By Laura Track
This article was originally published in the Winter 2018 issue of Landlord BC’s magazine called The Key.
Robbin Abernathy is the mother in a family of six. Like many families in BC, she has struggled to find appropriate rental housing for her family.
Mr. Stevenson advertised a three bedroom, two bathroom property for rent. Ms. Abernathy sent Mr. Stevenson an email expressing interest in the unit. In her email, she said she was looking for a place for a family of six, which included four children between the ages of one and eight years old. She explained that the family’s current landlord was evicting them because he needed the property for his own use. She also noted that the family had a cat and two guinea pigs.
Mr. Stevenson responded later the same day, saying “Sorry but that is way too big of a family for the house.”
In response, Ms. Abernathy explained that the family was currently living in even smaller quarters: a three bedroom, one bathroom house. She wrote: “The kids are still little enough for two to a bedroom comfortably. Unfortunately right now the market is so bad we just need a place to go, so squishing in is better than the alternative. We are good tenants and have really stellar references if you think we could make it work. We’re out and about often and not at home anyway! :)”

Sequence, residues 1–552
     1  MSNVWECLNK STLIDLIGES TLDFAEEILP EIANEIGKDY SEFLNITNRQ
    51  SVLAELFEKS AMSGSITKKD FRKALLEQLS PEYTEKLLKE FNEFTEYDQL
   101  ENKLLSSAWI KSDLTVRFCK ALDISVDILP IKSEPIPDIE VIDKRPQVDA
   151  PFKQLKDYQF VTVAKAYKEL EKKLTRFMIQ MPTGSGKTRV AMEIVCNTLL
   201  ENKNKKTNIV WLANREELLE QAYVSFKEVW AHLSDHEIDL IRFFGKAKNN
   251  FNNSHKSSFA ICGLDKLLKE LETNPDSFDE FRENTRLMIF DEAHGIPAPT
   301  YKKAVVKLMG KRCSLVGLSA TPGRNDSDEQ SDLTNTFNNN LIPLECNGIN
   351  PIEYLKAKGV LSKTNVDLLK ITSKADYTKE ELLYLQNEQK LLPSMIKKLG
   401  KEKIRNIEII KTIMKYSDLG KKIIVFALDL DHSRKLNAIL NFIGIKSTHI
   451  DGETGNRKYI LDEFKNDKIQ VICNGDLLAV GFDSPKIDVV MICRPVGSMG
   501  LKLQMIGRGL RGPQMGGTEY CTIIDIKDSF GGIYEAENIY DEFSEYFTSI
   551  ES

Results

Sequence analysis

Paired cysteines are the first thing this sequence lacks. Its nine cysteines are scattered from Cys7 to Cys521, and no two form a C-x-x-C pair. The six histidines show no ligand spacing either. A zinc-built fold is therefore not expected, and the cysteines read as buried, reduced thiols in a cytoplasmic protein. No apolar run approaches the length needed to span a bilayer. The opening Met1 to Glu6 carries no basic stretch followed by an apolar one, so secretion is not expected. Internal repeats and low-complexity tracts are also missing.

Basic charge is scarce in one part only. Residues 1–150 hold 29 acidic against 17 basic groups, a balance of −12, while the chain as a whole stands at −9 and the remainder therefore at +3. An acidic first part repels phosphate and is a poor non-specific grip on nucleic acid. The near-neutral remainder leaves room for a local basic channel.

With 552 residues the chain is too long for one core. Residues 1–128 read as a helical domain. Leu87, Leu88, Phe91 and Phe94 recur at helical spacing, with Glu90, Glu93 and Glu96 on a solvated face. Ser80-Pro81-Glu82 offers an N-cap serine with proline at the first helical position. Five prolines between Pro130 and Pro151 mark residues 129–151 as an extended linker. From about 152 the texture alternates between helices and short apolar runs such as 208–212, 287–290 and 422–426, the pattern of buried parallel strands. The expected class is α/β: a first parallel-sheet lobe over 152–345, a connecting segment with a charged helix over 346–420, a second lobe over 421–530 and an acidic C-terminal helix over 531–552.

Mr. Stevenson replied: “Sorry but I am just not interested.” He explained that more people meant more wear and tear on the house. He told her it was a fairly new house in excellent condition, and he would like to keep it that way.
Ms. Abernathy and her family eventually found somewhere else to live, but it was challenging. Ms. Abernathy said that during the two months they were looking, they had six landlords refuse to rent to them because they had children. The rent at the place they moved into was more than $500 per month more than Mr. Stevenson’s place would have been.
Ms. Abernathy filed a complaint with the BC Human Rights Tribunal alleging that Mr. Stevenson had discriminated by denying her and her family tenancy on the basis of their family status.
Family status” protections in human rights legislation include discrimination on the basis of who is in your family or who you’re related to.
“Family status” protections in human rights legislation include discrimination on the basis of who is in your family or who you’re related to (e.g., an employer denying someone a job because the employer does not like the applicant’s spouse) or having a particular kind of family (e.g., a landlord refusing to rent to someone because she is a single mother). It also includes the size and composition of a family.
Mr. Stevenson applied to have Ms. Abernathy’s human rights complaint dismissed. An application to dismiss allows a respondent in a human rights case to have the complaint thrown out before it goes to a hearing.
Mr. Stevenson explained: “I refused to rent to Ms. Abernathy based on the size of her family being way too large for my small rental house, and not because of her having children”. He argued that the Human Rights Code does not protect against discrimination based on the size of a family. He said that he would have been happy to rent to a family of four, but six people was simply too many. He pointed to Ms. Abernathy’s own admission that the family would have had to “squish” into the unit as evidence that it was too small to meet their needs.
However, his application to have the complaint dismissed without a hearing was unsuccessful.